A persuasive argument that the ``Revolution of 1989'' that brought freedom to Eastern Europe and the Soviet Union was, at bottom, a ``revolution of the spirit.'' According to Weigel (president of the Ethics and Public Policy Center in Washington, D.C.), customary explanations for the collapse of the Iron Curtain fall short. Gorbachev was no more than a reform Communist who never abandoned his faith in Marxist-Leninism. Nor do economic, political, or historical forces explain the cataclysm. The key player, says Weigel—echoing Lech Walesa's analysis—was Pope John Paul II; the fall of Communism really began in June 1979, during the first papal visit to Poland (``a moral, even spiritual earthquake''); moreover, the `89 revolution was part of what Weigel calls ``the final revolution'': the turning of humans to ``the good, to the truly human—and, ultimately, to God.'' Detailing the moral degradation of Communism, Weigel argues that it is, at bottom, a sort of monstrous, upside-down religion—and that, as such, its main enemy has always been the Church. The disagreement, Weigel suggests as he traces the history of Church/Communist antagonism, is as basic as can be: While Marxist-Leninism sees people as pawns of history, Christianity proclaims the absolute dignity of the individual. During the earlier years of John Paul II's pontificate, the Church promoted its view energetically. The effort bore fruit in 1989, says Wiegel, when the revolutionary tradition of Jefferson and Madison triumphed over that of Marx, Lenin, and Stalin, restoring ``the natural rhythms of history and society.'' And what of the future? Drawing from the writings of John Paul II and Vaclav Havel, Weigel maintains that society henceforth must be based on metaphysical truths about ``the transcendent destiny of human life.'' God is on our side, updated. And maybe this time God is; Weigel, at least, is convinced, stating that ``the Lord of history- -the Lord of the final revolution, if you will—is still capable of surprises.''

Pub Date: Nov. 1, 1992

ISBN: 0-19-507160-3

Page Count: 272

Publisher: Oxford Univ.

Review Posted Online: May 20, 2010

Kirkus Reviews Issue: Oct. 1, 1992

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Noted jazz and pop record producer Thiele offers a chatty autobiography. Aided by record-business colleague Golden, Thiele traces his career from his start as a ``pubescent, novice jazz record producer'' in the 1940s through the '50s, when he headed Coral, Dot, and Roulette Records, and the '60s, when he worked for ABC and ran the famous Impulse! jazz label. At Coral, Thiele championed the work of ``hillbilly'' singer Buddy Holly, although the only sessions he produced with Holly were marred by saccharine strings. The producer specialized in more mainstream popsters like the irrepressibly perky Teresa Brewer (who later became his fourth wife) and the bubble-machine muzak-meister Lawrence Welk. At Dot, Thiele was instrumental in recording Jack Kerouac's famous beat- generation ramblings to jazz accompaniment (recordings that Dot's president found ``pornographic''), while also overseeing a steady stream of pop hits. He then moved to the Mafia-controlled Roulette label, where he observed the ``silk-suited, pinky-ringed'' entourage who frequented the label's offices. Incredibly, however, Thiele remembers the famously hard-nosed Morris Levy, who ran the label and was eventually convicted of extortion, as ``one of the kindest, most warm-hearted, and classiest music men I have ever known.'' At ABC/Impulse!, Thiele oversaw the classic recordings of John Coltrane, although he is the first to admit that Coltrane essentially produced his own sessions. Like many producers of the day, Thiele participated in the ownership of publishing rights to some of the songs he recorded; he makes no apology for this practice, which he calls ``entirely appropriate and without any ethical conflicts.'' A pleasant, if not exactly riveting, memoir that will be of most interest to those with a thirst for cocktail-hour stories of the record biz. (25 halftones, not seen)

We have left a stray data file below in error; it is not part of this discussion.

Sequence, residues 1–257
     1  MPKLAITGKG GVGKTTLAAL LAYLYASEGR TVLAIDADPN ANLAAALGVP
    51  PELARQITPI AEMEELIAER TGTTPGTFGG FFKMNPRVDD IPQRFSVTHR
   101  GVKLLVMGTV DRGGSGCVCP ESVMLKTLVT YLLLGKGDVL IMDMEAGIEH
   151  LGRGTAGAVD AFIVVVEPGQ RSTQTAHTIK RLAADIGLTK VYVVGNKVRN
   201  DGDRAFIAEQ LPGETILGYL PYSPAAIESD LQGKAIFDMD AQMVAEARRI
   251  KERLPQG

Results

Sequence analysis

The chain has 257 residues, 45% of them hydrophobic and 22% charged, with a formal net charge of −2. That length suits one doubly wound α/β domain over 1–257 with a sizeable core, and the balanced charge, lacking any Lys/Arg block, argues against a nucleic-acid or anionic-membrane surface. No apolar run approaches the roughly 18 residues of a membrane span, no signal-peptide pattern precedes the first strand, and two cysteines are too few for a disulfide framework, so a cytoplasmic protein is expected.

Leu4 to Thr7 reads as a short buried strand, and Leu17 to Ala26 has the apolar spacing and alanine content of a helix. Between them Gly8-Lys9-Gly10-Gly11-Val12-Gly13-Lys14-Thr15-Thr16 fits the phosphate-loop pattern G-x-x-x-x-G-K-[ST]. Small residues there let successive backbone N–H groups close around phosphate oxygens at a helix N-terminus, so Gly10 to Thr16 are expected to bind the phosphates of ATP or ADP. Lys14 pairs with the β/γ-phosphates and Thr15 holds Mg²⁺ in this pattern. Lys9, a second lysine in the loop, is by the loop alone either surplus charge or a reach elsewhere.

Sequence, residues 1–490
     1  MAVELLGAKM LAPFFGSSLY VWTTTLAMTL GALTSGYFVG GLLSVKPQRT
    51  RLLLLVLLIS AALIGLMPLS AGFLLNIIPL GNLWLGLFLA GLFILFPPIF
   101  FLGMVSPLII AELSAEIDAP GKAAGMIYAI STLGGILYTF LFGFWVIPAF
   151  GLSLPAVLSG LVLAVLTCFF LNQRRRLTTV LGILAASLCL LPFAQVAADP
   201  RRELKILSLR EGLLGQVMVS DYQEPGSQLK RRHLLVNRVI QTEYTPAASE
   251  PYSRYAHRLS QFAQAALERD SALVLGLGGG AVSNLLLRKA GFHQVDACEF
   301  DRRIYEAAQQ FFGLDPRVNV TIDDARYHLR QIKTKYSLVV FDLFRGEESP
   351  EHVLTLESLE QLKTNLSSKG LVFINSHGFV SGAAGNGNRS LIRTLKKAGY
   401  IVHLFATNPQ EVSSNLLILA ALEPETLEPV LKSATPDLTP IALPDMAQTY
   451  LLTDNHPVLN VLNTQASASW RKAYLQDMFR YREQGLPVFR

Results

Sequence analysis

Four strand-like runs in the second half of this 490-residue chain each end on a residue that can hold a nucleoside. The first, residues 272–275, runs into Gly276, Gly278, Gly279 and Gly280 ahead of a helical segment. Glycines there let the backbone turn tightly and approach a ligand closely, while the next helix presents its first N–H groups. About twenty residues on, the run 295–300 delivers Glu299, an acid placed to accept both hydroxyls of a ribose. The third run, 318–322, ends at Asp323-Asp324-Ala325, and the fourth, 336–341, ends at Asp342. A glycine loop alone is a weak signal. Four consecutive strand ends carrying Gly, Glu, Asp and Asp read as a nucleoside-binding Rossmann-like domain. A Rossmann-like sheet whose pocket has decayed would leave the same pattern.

Pub Date: May 1, 1995

ISBN: 0-19-508629-4

Page Count: 224

Publisher: Oxford Univ.

Review Posted Online: May 20, 2010

Kirkus Reviews Issue: March 1, 1995

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Stricter than, say, Bergen Evans or W3 ("disinterested" means impartial — period), Strunk is in the last analysis...



Privately published by Strunk of Cornell in 1918 and revised by his student E. B. White in 1959, that "little book" is back again with more White updatings.

Stricter than, say, Bergen Evans or W3 ("disinterested" means impartial — period), Strunk is in the last analysis (whoops — "A bankrupt expression") a unique guide (which means "without like or equal").

Pub Date: May 15, 1972

ISBN: 0205632645

Page Count: 105

Publisher: Macmillan

Review Posted Online: Oct. 28, 2011

Kirkus Reviews Issue: May 1, 1972

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